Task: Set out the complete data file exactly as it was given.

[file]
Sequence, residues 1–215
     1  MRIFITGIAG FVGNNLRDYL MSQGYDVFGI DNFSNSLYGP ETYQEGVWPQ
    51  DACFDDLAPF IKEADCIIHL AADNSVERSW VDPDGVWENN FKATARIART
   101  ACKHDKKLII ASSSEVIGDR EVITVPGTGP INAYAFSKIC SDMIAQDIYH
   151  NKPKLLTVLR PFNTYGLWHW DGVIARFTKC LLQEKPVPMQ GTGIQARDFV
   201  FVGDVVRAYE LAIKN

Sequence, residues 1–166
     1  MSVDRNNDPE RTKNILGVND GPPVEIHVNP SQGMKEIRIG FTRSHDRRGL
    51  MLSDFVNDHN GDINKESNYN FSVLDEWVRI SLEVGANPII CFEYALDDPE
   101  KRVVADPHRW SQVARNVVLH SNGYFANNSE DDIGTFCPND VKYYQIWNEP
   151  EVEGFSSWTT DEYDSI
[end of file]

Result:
Sequence, residues 1–215
     1  MRIFITGIAG FVGNNLRDYL MSQGYDVFGI DNFSNSLYGP ETYQEGVWPQ
    51  DACFDDLAPF IKEADCIIHL AADNSVERSW VDPDGVWENN FKATARIART
   101  ACKHDKKLII ASSSEVIGDR EVITVPGTGP INAYAFSKIC SDMIAQDIYH
   151  NKPKLLTVLR PFNTYGLWHW DGVIARFTKC LLQEKPVPMQ GTGIQARDFV
   201  FVGDVVRAYE LAIKN

Sequence, residues 1–166
     1  MSVDRNNDPE RTKNILGVND GPPVEIHVNP SQGMKEIRIG FTRSHDRRGL
    51  MLSDFVNDHN GDINKESNYN FSVLDEWVRI SLEVGANPII CFEYALDDPE
   101  KRVVADPHRW SQVARNVVLH SNGYFANNSE DDIGTFCPND VKYYQIWNEP
   151  EVEGFSSWTT DEYDSI